Think of the old approach like the race to climb Everest. Who is going to get their flag into the summit first? That person is the winner, a place in history awaits, and everyone else loses. The challenge now is that we are trying to get everyone to the top of Everest and if we don’t all get there we fail. No wonder we get annoyed with all these people planting flags everywhere! But every step, every milestone, every new idea that helps the collective effort is really important.

Aim, achieve (or fail), share, repeat

The change we need to make is small but very significant. It is really important that everyone shares their successes because we need to advance (and let’s face it we need good news). The change needed is that your success is not the end of the journey. We all need to learn from it.

It is really very simple; if you share your success, tell the whole story. Share the process you went through with the challenges and problems faced, including the failures. Then it is something you can be proud of. It is something everyone can learn from, and it gets us all closer to the summit.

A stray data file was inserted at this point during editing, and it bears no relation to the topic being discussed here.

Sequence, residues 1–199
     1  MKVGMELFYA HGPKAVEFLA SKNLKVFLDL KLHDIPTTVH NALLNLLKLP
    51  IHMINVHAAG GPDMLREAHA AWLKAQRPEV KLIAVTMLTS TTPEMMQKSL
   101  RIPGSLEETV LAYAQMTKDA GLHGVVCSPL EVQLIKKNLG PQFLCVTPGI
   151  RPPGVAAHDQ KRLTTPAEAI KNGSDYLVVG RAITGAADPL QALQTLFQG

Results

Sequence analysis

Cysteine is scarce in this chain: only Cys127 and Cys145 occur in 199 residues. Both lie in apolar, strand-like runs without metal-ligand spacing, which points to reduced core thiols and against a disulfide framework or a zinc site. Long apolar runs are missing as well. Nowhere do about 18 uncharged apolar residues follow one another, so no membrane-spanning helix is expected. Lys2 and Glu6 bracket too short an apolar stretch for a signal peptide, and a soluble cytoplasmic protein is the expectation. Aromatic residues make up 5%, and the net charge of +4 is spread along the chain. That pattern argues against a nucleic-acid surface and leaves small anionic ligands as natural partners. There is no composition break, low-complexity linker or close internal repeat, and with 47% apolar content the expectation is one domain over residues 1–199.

This will also make it much harder to be accused of greenwashing. If you read about a business saying that they have done something they are proud of and they tell you how they did it, what went wrong along the way and what they would do better next time, it is much harder to shoot down.

PR and communications teams in a cold sweat

I don’t think this is such a hard change for most people in most organisations to make. But I do think that the biggest challenge is with the teams that are responsible for polishing or spinning the message.

I imagine that for a lot of communications teams this will be challenging and perhaps a little scary. Look down most corporate website news sections and there are only wins and firsts; they are polished to give the impression that the organisation is a 24/7 success factory. Only good things happen and there are never mistakes. Luckily nobody believes this anyway, and if none of us made mistakes then climate change would not be knocking down the door.